The first stethoscope was invented in France in 1846 and looked nothing like the stethoscope of today – far from being soft and flexible, it was made from wood and resembled a bathroom plunger.
That’s because it was based on the ear trumpet – a cone-like device used as a primitive hearing aid.
The modern stereo stethoscope was developed by Rappaport and Sprague in the 1940s. This model was acoustic, short, heavy and expensive. It came in a fancy walnut box and retailed for $300. Some were even gold-plated.
Great strides were made during the 1960s and 1970s in improving the materials used in acoustic stethoscopes, leading to more precise diagnoses, lower prices and better comfort.
Some doctors developed a “perfect pitch” through their stethoscopes – a talented professor named Dr. W. Proctor Harvey became a “virtuoso” who could diagnose complex heart conditions just by listening to a patient’s heartbeat!
Keeping up with the Internet age, stethoscopes went electronic in the early 2000s. This great leap in technology provided precision volume control, ambient noise reduction, and wireless capabilities to record heartbeats into computers for analysis by software.
While electronic models are superior for certain functions (such as listening to fetal heartbeats), acoustic stethoscopes still remain the more widely popular choice.
At allheart.com, we carry all types of “modern” stethoscope, from the very basic single head model to the most sophisticated electronic models, which we recognize are a crucial component to your every-day work life. With options ranging from custom engraving to fashion right colors- it’s hard to imagine that this piece of equipment was once little more than a bathroom plunger.
- Scrubs (and nurses’ uniforms in general) evolved from nuns’ habits. Nuns were the original caretakers of the sick.
- Florence Nightengale pioneered the idea that nurses should dress distinctly and differently from other medical aid workers.
- Despite lacking gloves or masks, nurses in the 1800s were sold “fever-proof” uniforms that supposedly blocked disease.
- In the early 20th century, nurses dressed in straight, sharply-tailored, ankle-length dresses. It was more important to be seen as respectable – and separate from the servants — than to be comfortable.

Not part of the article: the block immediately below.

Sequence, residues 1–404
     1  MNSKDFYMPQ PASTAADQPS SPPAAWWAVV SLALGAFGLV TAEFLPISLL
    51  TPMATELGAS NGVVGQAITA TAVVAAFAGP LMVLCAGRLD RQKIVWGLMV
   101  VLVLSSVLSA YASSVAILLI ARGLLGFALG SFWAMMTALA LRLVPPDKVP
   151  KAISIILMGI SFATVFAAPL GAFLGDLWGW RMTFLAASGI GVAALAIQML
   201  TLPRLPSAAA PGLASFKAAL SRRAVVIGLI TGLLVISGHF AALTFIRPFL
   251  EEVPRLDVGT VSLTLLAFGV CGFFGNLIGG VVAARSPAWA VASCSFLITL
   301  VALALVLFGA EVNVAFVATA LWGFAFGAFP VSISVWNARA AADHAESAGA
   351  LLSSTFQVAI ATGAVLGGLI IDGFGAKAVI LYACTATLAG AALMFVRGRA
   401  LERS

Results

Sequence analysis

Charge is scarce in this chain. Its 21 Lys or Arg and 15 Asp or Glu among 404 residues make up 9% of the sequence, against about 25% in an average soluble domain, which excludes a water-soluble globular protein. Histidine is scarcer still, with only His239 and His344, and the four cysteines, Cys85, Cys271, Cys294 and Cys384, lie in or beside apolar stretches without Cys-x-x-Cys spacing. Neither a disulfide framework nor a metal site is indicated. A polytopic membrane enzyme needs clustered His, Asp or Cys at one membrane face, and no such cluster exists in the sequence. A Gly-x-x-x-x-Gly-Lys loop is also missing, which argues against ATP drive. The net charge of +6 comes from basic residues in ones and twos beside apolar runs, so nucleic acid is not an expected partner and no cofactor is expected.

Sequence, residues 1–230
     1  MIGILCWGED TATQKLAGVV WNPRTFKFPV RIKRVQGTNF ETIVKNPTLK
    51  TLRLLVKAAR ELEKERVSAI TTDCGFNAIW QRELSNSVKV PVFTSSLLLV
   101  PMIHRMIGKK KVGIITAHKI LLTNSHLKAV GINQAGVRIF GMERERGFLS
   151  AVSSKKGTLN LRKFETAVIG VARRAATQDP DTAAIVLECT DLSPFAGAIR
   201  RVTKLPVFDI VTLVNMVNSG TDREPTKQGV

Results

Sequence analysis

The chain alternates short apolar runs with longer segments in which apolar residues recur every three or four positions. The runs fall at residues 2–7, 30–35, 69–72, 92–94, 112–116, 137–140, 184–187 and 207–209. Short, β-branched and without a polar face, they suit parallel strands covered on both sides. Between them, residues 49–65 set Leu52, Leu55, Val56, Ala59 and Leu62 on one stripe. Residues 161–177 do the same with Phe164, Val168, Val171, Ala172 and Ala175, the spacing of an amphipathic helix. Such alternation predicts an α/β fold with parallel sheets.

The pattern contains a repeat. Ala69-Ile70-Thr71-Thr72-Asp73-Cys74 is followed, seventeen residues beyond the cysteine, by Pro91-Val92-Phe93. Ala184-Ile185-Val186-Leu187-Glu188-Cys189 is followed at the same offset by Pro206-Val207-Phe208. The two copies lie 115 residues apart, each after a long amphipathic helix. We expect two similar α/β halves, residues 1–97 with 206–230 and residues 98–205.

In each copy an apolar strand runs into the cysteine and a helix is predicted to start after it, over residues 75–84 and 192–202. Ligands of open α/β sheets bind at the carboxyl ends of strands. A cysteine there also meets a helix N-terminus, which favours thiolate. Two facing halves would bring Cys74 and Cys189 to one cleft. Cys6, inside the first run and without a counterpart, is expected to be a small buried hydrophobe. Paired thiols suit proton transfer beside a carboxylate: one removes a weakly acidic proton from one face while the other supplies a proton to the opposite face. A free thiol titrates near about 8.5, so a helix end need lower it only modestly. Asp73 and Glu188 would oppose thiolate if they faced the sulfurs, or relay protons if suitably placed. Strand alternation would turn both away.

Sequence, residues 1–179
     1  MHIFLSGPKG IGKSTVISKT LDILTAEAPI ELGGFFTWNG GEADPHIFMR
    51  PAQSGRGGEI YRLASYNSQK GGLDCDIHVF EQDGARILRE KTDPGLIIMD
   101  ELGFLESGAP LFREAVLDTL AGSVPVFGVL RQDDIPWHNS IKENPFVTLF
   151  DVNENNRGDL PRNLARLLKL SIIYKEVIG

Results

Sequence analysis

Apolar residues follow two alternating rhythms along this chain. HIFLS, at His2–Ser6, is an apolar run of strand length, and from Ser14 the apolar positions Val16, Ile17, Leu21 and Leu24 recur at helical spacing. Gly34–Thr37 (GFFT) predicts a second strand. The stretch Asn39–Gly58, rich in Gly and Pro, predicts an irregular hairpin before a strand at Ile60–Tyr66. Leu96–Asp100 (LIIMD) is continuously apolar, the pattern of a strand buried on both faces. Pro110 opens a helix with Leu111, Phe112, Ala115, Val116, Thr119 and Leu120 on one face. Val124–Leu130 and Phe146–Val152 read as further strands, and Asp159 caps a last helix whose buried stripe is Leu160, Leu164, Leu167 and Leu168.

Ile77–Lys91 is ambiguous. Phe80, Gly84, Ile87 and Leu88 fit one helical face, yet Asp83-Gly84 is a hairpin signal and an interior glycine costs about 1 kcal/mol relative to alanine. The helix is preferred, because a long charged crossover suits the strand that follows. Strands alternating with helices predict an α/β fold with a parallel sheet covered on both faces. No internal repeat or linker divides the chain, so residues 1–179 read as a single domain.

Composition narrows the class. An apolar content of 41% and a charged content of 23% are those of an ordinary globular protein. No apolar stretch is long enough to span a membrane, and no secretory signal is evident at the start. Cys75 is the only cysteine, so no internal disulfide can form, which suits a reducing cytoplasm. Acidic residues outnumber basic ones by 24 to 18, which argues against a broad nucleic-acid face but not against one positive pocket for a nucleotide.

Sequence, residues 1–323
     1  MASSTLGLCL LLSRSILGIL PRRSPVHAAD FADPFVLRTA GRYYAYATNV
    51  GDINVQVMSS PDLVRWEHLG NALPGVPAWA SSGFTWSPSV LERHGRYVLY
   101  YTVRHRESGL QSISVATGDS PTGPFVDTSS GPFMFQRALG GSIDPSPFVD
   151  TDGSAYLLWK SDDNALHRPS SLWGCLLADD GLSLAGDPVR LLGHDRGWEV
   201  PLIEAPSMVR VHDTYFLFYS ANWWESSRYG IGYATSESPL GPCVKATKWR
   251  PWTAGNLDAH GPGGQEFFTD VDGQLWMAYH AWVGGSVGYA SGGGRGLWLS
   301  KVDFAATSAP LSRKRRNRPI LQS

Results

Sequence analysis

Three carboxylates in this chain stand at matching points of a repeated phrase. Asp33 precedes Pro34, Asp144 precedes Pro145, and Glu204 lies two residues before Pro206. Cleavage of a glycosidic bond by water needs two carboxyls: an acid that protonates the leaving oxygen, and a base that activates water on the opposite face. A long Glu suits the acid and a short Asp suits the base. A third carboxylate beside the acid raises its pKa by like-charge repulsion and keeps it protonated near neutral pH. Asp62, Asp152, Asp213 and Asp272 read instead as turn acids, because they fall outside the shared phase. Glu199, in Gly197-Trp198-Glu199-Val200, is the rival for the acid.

- World War I changed everything. Skirts were shortened so that nurses could move around, or, if necessary, run.
- Well into the 20th century, surgeons wore street clothes with butchers’ aprons. The practice dropped sharply after the 1940s, as it was dangerous to both doctor and patient, not to mention distasteful.
- Hats were once a major part of nursing uniforms. They fell out of favor because male nurses didn’t like wearing them.
- Riding a wave of enhanced hygiene, scrubs became popular in the 1970s because they were easier to clean than uniforms. They were considered more hygienic and less likely to transmit Staph and other hospital-borne pathogens.
- In the early days, scrubs were almost always green or light blue, but some hospitals switched to pink (or enormous stenciled logos) to discourage theft. University hospitals frequently match their scrubs to their institution’s colors.
- Scrubs have gained popularity outside the hospital and have been adopted by backpackers because of their light weight and comfortable feel.
What do you know about scrubs that we need to know at The Pulse? What is the word at the nurses station in terms of the hottest brands or the best fitting bottoms? Is there some special way that you wash your scrubs that keeps the colors more vibrant and helps them last longer? What color scrubs look great together? What scrubs do you wear as every day clothing or wear together with your street clothes?